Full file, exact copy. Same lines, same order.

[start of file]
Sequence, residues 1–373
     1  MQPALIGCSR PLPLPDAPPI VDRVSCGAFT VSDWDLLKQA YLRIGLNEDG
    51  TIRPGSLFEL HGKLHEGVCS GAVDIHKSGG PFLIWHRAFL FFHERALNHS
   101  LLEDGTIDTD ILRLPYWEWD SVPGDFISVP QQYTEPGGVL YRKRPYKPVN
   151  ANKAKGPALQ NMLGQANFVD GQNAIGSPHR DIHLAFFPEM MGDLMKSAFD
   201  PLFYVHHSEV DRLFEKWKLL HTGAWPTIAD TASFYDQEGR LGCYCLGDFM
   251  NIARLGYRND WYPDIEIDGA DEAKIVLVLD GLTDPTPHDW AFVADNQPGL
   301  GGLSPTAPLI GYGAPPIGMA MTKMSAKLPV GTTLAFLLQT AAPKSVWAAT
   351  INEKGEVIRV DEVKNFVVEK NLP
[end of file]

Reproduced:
Sequence, residues 1–373
     1  MQPALIGCSR PLPLPDAPPI VDRVSCGAFT VSDWDLLKQA YLRIGLNEDG
    51  TIRPGSLFEL HGKLHEGVCS GAVDIHKSGG PFLIWHRAFL FFHERALNHS
   101  LLEDGTIDTD ILRLPYWEWD SVPGDFISVP QQYTEPGGVL YRKRPYKPVN
   151  ANKAKGPALQ NMLGQANFVD GQNAIGSPHR DIHLAFFPEM MGDLMKSAFD
   201  PLFYVHHSEV DRLFEKWKLL HTGAWPTIAD TASFYDQEGR LGCYCLGDFM
   251  NIARLGYRND WYPDIEIDGA DEAKIVLVLD GLTDPTPHDW AFVADNQPGL
   301  GGLSPTAPLI GYGAPPIGMA MTKMSAKLPV GTTLAFLLQT AAPKSVWAAT
   351  INEKGEVIRV DEVKNFVVEK NLP